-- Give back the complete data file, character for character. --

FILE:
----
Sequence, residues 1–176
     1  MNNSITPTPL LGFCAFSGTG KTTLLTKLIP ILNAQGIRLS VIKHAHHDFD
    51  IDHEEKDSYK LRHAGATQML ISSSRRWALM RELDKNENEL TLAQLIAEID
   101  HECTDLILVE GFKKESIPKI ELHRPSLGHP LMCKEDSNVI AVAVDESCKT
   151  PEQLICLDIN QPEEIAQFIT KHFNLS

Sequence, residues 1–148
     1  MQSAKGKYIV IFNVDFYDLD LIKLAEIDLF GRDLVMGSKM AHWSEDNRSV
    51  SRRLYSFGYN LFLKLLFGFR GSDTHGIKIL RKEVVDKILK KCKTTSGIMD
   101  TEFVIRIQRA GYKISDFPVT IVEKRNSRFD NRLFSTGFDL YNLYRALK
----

Sequence, residues 1–176
     1  MNNSITPTPL LGFCAFSGTG KTTLLTKLIP ILNAQGIRLS VIKHAHHDFD
    51  IDHEEKDSYK LRHAGATQML ISSSRRWALM RELDKNENEL TLAQLIAEID
   101  HECTDLILVE GFKKESIPKI ELHRPSLGHP LMCKEDSNVI AVAVDESCKT
   151  PEQLICLDIN QPEEIAQFIT KHFNLS

Sequence, residues 1–148
     1  MQSAKGKYIV IFNVDFYDLD LIKLAEIDLF GRDLVMGSKM AHWSEDNRSV
    51  SRRLYSFGYN LFLKLLFGFR GSDTHGIKIL RKEVVDKILK KCKTTSGIMD
   101  TEFVIRIQRA GYKISDFPVT IVEKRNSRFD NRLFSTGFDL YNLYRALK